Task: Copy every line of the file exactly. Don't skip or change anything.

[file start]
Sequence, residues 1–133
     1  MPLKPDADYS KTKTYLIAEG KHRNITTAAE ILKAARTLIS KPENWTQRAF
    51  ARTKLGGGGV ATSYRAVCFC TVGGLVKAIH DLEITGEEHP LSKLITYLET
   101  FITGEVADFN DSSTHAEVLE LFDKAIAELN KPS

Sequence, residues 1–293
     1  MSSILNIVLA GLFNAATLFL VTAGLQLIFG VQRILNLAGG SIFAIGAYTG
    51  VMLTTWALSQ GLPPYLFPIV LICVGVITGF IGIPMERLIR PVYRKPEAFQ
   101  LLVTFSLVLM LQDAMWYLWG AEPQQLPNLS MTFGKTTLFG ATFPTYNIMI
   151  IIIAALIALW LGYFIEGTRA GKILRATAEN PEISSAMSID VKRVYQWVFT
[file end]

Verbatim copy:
Sequence, residues 1–133
     1  MPLKPDADYS KTKTYLIAEG KHRNITTAAE ILKAARTLIS KPENWTQRAF
    51  ARTKLGGGGV ATSYRAVCFC TVGGLVKAIH DLEITGEEHP LSKLITYLET
   101  FITGEVADFN DSSTHAEVLE LFDKAIAELN KPS

Sequence, residues 1–293
     1  MSSILNIVLA GLFNAATLFL VTAGLQLIFG VQRILNLAGG SIFAIGAYTG
    51  VMLTTWALSQ GLPPYLFPIV LICVGVITGF IGIPMERLIR PVYRKPEAFQ
   101  LLVTFSLVLM LQDAMWYLWG AEPQQLPNLS MTFGKTTLFG ATFPTYNIMI
   151  IIIAALIALW LGYFIEGTRA GKILRATAEN PEISSAMSID VKRVYQWVFT